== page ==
Border crisis builds at EU’s door as migrants travel from Turkey
Turkey says more than 100,000 refugees have left the country so far, but it remains unclear how many have crossed into Europe
Athens — An influx of migrants seeking refuge in Europe has raised tensions along the heavily fortified border with Turkey and prompted the Greek government to convene an emergency meeting.
While the Turkish side says more than 100,000 refugees have left the country so far, it remains unclear how many have crossed into Europe or got stuck in no-man’s-land along the borders with Greece and Bulgaria. Another question is how many are escaping the conflict in Syria — many appear to be coming Afghanistan, Pakistan and Somalia. Almost 5,500 people were prevented from entering Greece between 6am on Saturday and 6am Sunday, Greek officials said.
The European Union has maintained a guarded approach, wary of a repeat of the migration crisis that tested its physical frontiers five years ago and stoked anti-immigration populism from Italy to Germany. A desire to control migrants contributed to the UK’s decision to quit the EU Brexit, so the political reverberations are real.
The EU’s foreign chief says the bloc is following the situation closely, and its top diplomats have been summoned for an extraordinary meeting. But the impression is that the EU — and Germany, as the dominant economy — is biding its time to see how events unfold on the ground.
For now, the climate is politically charged. When approaching Greek borders in the area, holders of foreign mobile phones will receive the message saying that “Greece is increasing border security level to maximum. Do not attempt to illegally cross Greek borders.”
Strained already by overcrowded refugee camps, Greek islands also reported an increase in arrivals. The rapidly evolving emergency began when Turkey unsuccessfully sought EU and Nato support for its military campaign in Syria, following the heaviest troop losses in decades last week.
The EU has yet to agree on a joint position, prompting Erdogan to proclaim that his country can no longer accommodate people fleeing Syrian President Bashar al-Assad’s offensive. Turkey already hosts the world’s largest number of Syrian refugees.
With Erdogan continuing to order Syria strikes in retaliation for the deaths of his troops, Turkey shot down two Syrian SU-24 fighter jets and destroyed three air-defence systems, the Turkish defence ministry said on Sunday in a statement. The Syrian jets were downed after they attempted to attack Turkish jets, the ministry said, without elaborating.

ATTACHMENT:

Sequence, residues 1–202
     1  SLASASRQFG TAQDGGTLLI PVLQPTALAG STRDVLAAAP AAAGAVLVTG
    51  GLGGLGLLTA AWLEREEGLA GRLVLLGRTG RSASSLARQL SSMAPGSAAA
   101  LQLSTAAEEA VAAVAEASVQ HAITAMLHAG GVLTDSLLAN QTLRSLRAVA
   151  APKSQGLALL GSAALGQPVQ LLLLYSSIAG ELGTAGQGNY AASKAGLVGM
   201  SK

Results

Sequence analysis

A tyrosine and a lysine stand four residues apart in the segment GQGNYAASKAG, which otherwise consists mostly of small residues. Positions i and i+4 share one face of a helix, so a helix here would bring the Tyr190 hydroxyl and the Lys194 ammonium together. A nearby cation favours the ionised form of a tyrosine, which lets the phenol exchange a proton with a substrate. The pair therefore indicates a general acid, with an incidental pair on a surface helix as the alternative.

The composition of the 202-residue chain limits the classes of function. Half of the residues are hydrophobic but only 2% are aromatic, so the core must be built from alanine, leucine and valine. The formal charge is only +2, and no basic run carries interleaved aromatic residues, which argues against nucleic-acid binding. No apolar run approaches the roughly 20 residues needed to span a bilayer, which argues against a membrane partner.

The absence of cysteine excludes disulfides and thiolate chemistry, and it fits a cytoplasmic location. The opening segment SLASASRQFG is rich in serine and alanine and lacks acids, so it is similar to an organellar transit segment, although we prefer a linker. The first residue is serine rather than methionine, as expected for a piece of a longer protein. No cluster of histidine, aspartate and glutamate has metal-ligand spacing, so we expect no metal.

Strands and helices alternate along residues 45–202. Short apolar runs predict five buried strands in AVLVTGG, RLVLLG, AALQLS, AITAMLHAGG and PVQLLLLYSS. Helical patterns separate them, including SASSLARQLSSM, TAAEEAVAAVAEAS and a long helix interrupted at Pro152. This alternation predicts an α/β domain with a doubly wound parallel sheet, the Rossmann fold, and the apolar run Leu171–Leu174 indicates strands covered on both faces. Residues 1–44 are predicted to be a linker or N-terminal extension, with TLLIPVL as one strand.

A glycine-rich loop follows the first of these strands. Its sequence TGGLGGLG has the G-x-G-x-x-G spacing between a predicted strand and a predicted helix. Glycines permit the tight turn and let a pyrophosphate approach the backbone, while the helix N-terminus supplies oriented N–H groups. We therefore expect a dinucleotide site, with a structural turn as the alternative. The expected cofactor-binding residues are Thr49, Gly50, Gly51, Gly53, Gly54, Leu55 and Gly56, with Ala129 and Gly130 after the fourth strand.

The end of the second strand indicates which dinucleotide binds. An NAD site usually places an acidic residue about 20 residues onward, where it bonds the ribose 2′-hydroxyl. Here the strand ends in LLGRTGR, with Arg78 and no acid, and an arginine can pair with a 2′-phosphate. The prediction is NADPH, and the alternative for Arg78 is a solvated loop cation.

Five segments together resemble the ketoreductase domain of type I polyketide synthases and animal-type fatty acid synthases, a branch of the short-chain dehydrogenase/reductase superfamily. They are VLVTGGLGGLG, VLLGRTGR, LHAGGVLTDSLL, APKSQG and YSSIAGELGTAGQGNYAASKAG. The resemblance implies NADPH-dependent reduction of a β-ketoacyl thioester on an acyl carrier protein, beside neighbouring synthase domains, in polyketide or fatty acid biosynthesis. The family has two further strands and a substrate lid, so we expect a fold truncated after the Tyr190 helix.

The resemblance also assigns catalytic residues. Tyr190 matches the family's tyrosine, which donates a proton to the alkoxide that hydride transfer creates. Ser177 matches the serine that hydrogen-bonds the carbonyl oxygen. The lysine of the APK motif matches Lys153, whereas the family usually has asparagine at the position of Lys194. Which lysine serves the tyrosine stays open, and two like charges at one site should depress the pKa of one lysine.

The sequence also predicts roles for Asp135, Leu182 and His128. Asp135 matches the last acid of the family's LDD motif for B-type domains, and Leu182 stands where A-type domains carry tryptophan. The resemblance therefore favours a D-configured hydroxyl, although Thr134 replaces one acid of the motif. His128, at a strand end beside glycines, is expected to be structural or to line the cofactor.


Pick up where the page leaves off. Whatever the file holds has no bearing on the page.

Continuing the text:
Turkey has warned that the fall of Syria’s northwestern Idlib province, the last rebel bastion in the country, may trigger another mass exodus of refugees towards its border.
Migration flows to Europe decreased following a 2016 deal under which Ankara stemmed the flow in exchange for financial assistance. It’s unclear as of Sunday whether this deal is still being implemented, amid repeated messages from Turkey that it will “loosen” its controls.
The German government expects Turkey to fulfil the EU refugee agreement, a spokesman for German Chancellor Angela Merkel said on Sunday.
In a phone call with Erdogan on Saturday, French President Emmanuel Macron paid tribute to Turkey’s effort to aid Syrian refugees, and asked that it co-operates on the management of migrant flows, reminding the Turkish leader of the “solidarity” of France and the EU. It’s unclear whether such verbal expressions of sympathy will be sufficient to appease the Turkish president.
As thousands of desperate asylum seekers flocked towards the Greek border, the prospect looms of uncontrolled violence with Greek security forces sent to stop them. Homeland security minister Michalis Chrisochoidis said on Saturday that Greece wants to send the message that no-one shall pass into Europe without the appropriate legal travel documents.
An EU diplomat in Brussels said that conveying this message may be hard, unless the bloc as a whole, including Germany, makes clear to the people trying to leave Turkey that the way in is shut. EU government envoys will meet in Brussels on Monday, after successive attempts to agree on a joint position over the weekend failed.
Another wave of migration could derail a delicate recovery for the entire region, already gripped by fear and travel restrictions over the spread of the coronavirus, which is morphing into a pandemic and defies national frontiers. Anti-immigration populist politicians from Italy to Germany are poised to seize the opportunity to go on the attack.